To be honest, in this modern age and time, anyone with access to the internet has what it takes to start a business. I believe the true test of starting a business is met after the business becomes a brand. However, I will urge aspiring business leaders to consider the following tips when starting up a business;
- Do a self-evaluation – Evaluating yourself will help you tap into your “why factor” or hunger which I am confident will serve as your lifeline when things are not working out as expected in your business
- Know a little about everything and everything about something – The most successful leaders in business are not always the most skilled or talented persons in the room. They rely on their broad knowledge of different things and are blessed with the power to bring out the best in others. Also, knowing a little about everything can help you as an aspiring business leader to minimise operational cost at the early stage of your business.
- Finally, be consistent and resolute – one of my business mentors always told me that “Success is stumbling from failure to failure with no loss of enthusiasm” (I thought he coined the quote until I google’d it…haha). Decide on what to commit yourself into getting it done, evaluate your success or failure and repeat all over again.
There is a rising surge of young Nigerians in diaspora who have started to become more connected with the country. What are your thoughts on this?
I’m actually glad Nigerians in the diaspora are becoming more connected and to be honest we are well placed to grow significantly. Needless to say, our major rivalry is the negative image of us created by a few. I believe that the NNC and a host of other organisations have created platforms which will help build up our reputation and showcase the talents of the many who are willing to make positive change in the world.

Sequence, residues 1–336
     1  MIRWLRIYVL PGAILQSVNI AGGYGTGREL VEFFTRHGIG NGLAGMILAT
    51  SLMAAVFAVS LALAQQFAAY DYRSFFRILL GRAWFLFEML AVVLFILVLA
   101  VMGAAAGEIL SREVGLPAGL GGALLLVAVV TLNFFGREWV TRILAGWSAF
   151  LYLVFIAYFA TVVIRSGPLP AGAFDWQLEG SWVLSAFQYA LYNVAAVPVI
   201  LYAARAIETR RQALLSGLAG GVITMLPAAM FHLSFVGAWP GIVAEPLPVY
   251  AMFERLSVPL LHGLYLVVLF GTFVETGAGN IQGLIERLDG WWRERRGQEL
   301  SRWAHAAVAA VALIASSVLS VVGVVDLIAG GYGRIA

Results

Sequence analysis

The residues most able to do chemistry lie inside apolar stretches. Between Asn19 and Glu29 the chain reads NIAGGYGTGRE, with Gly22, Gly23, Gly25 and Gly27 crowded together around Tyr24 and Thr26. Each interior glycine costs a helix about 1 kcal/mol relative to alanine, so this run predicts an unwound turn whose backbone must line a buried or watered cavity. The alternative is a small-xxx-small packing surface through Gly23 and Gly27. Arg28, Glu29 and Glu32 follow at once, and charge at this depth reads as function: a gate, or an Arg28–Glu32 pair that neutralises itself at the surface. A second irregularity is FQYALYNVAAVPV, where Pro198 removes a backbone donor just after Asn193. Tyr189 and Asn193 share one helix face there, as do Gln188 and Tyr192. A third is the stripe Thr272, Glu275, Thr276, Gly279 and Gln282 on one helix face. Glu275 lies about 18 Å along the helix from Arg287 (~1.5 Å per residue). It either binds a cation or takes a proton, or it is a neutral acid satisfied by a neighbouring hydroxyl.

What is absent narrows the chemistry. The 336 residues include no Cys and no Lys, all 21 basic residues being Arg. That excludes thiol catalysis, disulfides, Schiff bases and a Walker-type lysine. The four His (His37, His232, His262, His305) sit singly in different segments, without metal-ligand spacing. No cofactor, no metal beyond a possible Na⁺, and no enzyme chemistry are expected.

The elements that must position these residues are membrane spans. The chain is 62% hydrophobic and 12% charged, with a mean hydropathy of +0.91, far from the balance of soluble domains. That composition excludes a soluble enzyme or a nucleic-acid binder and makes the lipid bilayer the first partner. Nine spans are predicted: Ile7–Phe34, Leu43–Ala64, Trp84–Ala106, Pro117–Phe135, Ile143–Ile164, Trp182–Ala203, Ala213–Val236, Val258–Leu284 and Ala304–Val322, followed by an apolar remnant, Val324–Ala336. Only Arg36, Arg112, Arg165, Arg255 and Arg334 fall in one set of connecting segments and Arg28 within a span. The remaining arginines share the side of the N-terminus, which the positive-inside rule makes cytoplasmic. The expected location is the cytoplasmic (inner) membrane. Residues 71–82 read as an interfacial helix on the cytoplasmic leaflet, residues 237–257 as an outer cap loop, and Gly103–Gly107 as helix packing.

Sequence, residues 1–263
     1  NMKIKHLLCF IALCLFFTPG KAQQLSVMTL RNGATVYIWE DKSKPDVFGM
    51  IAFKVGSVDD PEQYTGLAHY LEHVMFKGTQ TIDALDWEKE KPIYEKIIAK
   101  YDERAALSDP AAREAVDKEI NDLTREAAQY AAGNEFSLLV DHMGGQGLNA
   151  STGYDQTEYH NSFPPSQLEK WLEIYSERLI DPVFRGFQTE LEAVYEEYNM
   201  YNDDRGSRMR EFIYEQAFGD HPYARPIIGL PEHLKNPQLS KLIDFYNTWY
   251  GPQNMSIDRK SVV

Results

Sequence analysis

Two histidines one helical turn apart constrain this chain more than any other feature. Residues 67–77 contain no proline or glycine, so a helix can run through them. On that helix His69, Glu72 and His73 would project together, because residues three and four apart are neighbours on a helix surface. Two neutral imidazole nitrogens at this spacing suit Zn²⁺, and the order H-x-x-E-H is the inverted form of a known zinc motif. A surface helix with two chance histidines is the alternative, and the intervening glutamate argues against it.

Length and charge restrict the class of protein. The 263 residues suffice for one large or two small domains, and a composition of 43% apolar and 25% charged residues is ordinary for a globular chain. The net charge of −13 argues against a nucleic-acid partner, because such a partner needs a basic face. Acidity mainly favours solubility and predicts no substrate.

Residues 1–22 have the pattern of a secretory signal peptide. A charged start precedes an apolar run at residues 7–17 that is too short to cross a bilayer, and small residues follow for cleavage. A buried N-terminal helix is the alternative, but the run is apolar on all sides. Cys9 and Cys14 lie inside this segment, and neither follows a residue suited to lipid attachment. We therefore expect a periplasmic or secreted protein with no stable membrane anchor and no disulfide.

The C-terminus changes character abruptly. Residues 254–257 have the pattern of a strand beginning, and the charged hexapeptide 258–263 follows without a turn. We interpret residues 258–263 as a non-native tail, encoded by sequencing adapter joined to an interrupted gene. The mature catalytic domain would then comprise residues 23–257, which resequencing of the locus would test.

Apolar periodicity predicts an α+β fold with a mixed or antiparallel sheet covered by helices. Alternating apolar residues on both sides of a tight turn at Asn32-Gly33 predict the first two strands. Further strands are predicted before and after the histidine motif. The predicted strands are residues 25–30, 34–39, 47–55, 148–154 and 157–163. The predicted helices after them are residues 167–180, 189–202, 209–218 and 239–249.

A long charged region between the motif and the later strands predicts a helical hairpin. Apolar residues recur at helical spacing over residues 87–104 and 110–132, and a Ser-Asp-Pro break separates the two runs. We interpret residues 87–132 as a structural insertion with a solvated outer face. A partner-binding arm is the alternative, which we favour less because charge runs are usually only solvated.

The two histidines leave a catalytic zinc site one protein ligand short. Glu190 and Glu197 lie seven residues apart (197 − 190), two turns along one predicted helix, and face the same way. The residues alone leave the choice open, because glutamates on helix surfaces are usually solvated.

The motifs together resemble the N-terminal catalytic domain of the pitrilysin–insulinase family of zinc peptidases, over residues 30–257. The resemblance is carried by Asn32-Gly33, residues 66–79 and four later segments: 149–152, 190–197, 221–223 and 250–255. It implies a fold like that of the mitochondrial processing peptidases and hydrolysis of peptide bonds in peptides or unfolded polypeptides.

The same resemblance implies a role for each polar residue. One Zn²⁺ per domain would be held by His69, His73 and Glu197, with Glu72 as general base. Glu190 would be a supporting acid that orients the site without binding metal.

Do you think it’s important for young Nigerians abroad to be connected and what benefit do you think this will produce?
The value Nigerians abroad gain from staying connected cannot be overstated. Based on research findings, the success of Nigerian businesses in the UK has been driven by our ability to stay connected with each other. Nigerian churches, restaurants, grocery shops, and fashion designers just to mention few have seen over 90% customer patronage from fellow Nigerians within their local community. Staying connected in the diaspora helps us to appreciate the values of our culture and heritage. In preserving our culture, we, as a community are bound together and are able to extend our values to the subsequent generations of young Nigerians and as result prevent appropriation of the culture in our new-found host country.
What more do you think needs to be done to connect the young Nigerian community in diaspora?
Nigerians in the diaspora have become more connected through the apparent surge in digital technology. Social media firms have records of our personal information in effect, they are able to recommend friends to us based on numerous factors such as our race, ethnicity, travel history and location. The key is to increase our level of interaction online in order to drive community events on-ground. In addition, organisers of Nigerian events need to collaborate more with other ethnicities targeting not just Nigerians but Black and Minority Ethnicities (BME) in the UK.
What’s next for you and DAIS education?
DAIS Education UK aims to start providing employment opportunities for international students studying in the UK. This will form part of our post-arrival support service and it will further increase the employability skills of young Nigerians prior to graduation.